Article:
“With certainty, we can predict a continuing expansion in private construction segments and stagnant to deteriorating spending in public categories in the months ahead.” —ABC Chief Economist Anirban Basu.
Ending 2011 on a relatively strong note, total nonresidential construction spending increased 1.9 percent in December to $567.8 billion, according to the Feb. 1 construction spending report by the U.S. Census Bureau. Year over year, total nonresidential construction spending is up 4.5 percent.
Private nonresidential construction spending jumped 3.3 percent for the month and was up 11.4 percent from the same time last year. Public nonresidential construction spending increased 0.5 percent from November, but was down 1.8 percent from December 2010.
Ten of the sixteen nonresidential construction subsectors posted increases in spending for the month. The largest gains came in manufacturing, up 13.4 percent; communication, 6.6 percent higher; and power, up 2.7 percent. Six nonresidential construction subsectors experienced increases in spending during a 12-month period. These include manufacturing, up 44.2 percent; commercial, up 14 percent; power, 11.7 percent higher; education, up 4.4 percent; public safety, up 3.3 percent; and highway and street construction, 2.4 percent higher.
In contrast, construction subsectors posting the largest monthly decreases in spending include lodging, down 2.3 percent; public safety, 1.9 percent lower; and amusement and recreation, down 1.5 percent. Subsectors with the largest year-over-year decreases in spending include religious, down 19.4 percent; lodging, 15.2 percent lower; transportation, down 9.8 percent; and conservation and development-related construction, down 9 percent.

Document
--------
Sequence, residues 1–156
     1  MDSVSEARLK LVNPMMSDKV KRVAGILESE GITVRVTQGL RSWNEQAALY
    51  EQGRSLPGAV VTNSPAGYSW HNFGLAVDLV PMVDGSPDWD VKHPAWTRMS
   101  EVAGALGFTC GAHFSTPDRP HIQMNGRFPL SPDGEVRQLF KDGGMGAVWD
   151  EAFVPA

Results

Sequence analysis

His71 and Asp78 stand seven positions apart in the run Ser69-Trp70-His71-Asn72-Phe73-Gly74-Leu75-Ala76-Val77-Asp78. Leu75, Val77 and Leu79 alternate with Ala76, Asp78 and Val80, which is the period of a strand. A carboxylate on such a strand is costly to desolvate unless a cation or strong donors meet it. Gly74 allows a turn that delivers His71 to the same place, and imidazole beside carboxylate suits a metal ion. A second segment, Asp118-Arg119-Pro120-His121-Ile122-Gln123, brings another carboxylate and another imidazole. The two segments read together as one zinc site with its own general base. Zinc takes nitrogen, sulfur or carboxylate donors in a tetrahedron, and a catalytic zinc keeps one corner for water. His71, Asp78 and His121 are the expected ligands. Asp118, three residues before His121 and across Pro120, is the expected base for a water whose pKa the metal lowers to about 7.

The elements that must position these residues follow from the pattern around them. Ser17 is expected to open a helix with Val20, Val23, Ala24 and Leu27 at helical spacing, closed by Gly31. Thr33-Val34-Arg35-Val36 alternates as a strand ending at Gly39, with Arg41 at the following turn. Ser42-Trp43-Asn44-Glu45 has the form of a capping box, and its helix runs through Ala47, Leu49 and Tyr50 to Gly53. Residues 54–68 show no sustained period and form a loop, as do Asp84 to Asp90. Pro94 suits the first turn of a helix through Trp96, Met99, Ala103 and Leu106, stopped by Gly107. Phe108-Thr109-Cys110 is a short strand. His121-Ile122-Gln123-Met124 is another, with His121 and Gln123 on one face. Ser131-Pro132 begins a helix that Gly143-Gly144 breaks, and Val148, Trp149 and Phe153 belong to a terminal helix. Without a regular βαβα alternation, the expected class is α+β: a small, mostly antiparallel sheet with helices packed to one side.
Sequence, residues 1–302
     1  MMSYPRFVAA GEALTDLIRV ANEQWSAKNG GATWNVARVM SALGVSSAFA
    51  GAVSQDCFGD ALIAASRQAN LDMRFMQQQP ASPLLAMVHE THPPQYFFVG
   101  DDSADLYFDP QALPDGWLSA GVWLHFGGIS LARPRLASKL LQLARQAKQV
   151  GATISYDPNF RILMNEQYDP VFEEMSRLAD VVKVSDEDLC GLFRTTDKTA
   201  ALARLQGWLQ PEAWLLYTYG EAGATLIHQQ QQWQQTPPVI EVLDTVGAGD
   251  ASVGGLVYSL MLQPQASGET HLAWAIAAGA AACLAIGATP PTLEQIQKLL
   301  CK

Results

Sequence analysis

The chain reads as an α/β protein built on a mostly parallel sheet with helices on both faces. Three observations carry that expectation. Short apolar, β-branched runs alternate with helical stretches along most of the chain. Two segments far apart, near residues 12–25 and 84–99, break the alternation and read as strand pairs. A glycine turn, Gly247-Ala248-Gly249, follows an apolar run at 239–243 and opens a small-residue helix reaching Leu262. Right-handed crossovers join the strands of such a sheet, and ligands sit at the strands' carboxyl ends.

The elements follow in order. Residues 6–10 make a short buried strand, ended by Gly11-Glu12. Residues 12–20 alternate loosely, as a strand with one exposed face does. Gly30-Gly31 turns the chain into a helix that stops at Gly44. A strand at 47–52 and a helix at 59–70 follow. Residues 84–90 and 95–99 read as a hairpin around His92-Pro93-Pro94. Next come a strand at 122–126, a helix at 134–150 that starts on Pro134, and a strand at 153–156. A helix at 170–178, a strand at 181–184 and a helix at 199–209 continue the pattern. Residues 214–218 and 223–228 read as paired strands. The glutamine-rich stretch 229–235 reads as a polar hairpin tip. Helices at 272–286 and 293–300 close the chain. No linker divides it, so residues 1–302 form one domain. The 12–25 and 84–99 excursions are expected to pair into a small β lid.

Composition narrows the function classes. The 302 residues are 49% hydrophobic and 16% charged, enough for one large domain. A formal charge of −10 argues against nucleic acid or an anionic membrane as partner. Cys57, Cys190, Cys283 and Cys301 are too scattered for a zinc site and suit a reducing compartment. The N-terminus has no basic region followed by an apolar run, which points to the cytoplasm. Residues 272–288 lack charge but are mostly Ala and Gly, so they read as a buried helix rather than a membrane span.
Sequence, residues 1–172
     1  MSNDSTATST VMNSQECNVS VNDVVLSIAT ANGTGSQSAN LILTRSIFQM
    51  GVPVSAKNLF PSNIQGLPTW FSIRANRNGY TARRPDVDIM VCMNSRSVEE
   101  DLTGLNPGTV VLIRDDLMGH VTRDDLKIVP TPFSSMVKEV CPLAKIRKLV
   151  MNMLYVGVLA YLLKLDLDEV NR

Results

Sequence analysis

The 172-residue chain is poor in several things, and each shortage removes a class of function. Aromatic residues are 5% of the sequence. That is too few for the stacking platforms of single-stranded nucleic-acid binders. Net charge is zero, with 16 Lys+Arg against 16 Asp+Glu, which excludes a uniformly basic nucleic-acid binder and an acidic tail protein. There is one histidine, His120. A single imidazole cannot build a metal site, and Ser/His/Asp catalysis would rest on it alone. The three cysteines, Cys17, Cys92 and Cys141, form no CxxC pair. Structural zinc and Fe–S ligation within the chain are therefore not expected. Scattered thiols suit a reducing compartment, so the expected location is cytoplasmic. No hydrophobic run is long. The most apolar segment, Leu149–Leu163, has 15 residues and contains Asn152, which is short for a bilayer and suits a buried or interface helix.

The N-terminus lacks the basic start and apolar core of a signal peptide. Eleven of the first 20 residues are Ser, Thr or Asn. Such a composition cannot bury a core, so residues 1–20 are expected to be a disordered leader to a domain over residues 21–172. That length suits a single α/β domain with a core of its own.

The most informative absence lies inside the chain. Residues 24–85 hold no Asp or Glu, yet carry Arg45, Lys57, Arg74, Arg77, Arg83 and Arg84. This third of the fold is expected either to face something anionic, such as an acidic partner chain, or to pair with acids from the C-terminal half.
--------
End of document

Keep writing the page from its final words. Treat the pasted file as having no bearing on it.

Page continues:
Residential construction spending inched up 0.7 percent in December and was up 3.8 percent year-over-year. Overall, total construction spending – which includes both nonresidential and residential – rose 1.5 percent in for the month, and was up 4.3 percent compared to December 2010.
“The nonresidential construction industry ended 2011 on a reasonably strong note,” said Associated Builders and Contractors Chief Economist Anirban Basu. “While a number of key segments remain recessed, that weakness was predictable.
“Construction segments associated with state and local spending continue to struggle – not surprising given the ongoing economic stress on local government finances,” Basu said. “The winding down of the federal government’s 2009 stimulus package also likely plays a role in the poor performance of segments such as conservation and development and transportation.
“Certain private construction segments also continue to struggle, most notably lodging, in which spending fell 15.2 percent during the past year and was down 2.3 percent for the month,” said Basu. “On the other hand, manufacturing rose again in December, this time by 13.4 percent. The subsector is up 44.2 percent for the year.
“Of all the segments, the ongoing expansion in construction related to energy appears to be the most peculiar,” Basu said. “Energy companies continue to search for ways to increase domestic production, and energy continues to create construction activities despite a myriad of issues including low natural gas prices and shaky financing conditions with respect to nuclear energy.
“With certainty, we can predict a continuing expansion in private construction segments and stagnant to deteriorating spending in public categories in the months ahead,” said Basu.